Above Photo: Russia Ukraine War by manhhai is licensed under CC BY 2.0 / Flickr.
Revisiting my January 2022 Article ’10 Reasons Why the US May Want Russia to Invade Ukraine’
It has been roughly a year since Russia invaded Ukraine on February 24, 2022. A month before that invasion, in January 2022, this writer published an article ’10 Reasons Why the US May Want Russia to Invade Ukraine.’
In that prior article it was argued the US had much to gain economically and geopolitically by provoking Russia to invade. That January 2022 article went on to describe in detail at least 10 reasons why and how the US would benefit economically and politically from a Russian invasion and a subsequent protracted War in Ukraine.
The article then traced US policy toward Ukraine from the US financed coup d’etat of winter 2013-2014, through the US-EU tactical and temporary ‘Minsk’ truce of 2015-2016 during which the US and its NATO allies ‘bought time’ (as later revealed publicly by German Chancellor, Angela Merkel, and French president, Holland). It then described the events of 2021 as the US Biden regime quickly left Afghanistan that August and escalated its joint efforts with the Zelensky Ukrainian government to taunt, lure and provoke Russia to invade on February 24, 2022.
In this follow on article, the ‘10 Reasons’ are revisited and assessed to what extent the US and its allies have in fact benefitted—economically and strategically—from the invasion and war one year later today at end of February 2023.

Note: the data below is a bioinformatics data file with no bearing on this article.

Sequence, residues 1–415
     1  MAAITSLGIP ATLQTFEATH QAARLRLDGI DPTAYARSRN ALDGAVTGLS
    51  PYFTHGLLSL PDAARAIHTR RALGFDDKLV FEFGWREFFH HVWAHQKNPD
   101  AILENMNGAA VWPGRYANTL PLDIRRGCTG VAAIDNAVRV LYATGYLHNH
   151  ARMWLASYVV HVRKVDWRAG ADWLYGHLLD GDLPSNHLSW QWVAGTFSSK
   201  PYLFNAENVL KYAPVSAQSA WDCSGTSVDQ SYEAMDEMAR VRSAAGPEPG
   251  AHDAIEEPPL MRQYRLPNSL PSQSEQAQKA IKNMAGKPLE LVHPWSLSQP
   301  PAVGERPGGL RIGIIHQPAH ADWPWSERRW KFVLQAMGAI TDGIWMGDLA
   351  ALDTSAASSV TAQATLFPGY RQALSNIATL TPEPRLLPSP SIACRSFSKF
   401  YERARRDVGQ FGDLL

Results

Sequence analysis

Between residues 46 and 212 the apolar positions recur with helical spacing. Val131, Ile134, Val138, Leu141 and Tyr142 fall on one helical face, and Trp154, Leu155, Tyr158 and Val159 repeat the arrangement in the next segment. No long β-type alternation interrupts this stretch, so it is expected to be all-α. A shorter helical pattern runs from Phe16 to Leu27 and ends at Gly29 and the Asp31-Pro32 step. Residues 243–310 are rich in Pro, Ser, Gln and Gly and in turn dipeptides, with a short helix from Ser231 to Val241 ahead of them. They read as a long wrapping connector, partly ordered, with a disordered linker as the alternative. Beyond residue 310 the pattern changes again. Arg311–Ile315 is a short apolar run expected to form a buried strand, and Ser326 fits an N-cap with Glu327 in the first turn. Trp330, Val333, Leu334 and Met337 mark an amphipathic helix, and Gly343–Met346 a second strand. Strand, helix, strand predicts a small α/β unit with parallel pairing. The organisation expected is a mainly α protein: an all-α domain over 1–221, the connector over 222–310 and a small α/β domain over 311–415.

1. Reunite NATO and Strengthen US Hegemony Over It Once Again
At the top of the US objectives list from a Russian invasion was the restoration of US hegemony over NATO once again, and the re-unification of Europe/NATO behind the US geopolitical goal of launching a counter-offensive against Russia to drive it out of the European economic region. This objective involving NATO was largely attained by the US in 2022 as a result of the Russian invasion.
Prior to the Biden regime re-assuming control of US geopolitical foreign policy in January 2021, US influence within NATO was weakening noticeably: France and to a less extent Germany were becoming increasingly discontent with US policy toward NATO. There was talk of the two countries charting a more independent course. The US Trump regime, 2016-2020, had criticized and even denigrated NATO’s performance and role while demanding European members sharply increase their financial contributions to fund NATO.
More recent NATO members in east Europe—especially the Baltics and Poland—were raising demands for more US military arms and troop presence in their countries that went largely unheeded by the Trump regime. Joint press conferences between Trump and Russian president, Putin, in Helsinki raised their further fears about US commitments to the region.
US Democrat regime plans in 2016, formulated and distributed internally within the US government, explicitly recommended first weakening and then destabilizing the Russian regime prior to any subsequent US direct confrontation with the ‘greater opponent’ and challenger to US global hegemony, China. These plans were shelved, however, when Trump assumed office in January 2017. The plans were subsequently ‘dusted off’ and resurrected quickly in spring of 2021 by the restored Democrat party regime under Biden. (The subsequent events in 2021 leading up to the Russian invasion of February 24, 2022 were addressed in the prequel to this article, to which the reader is referred).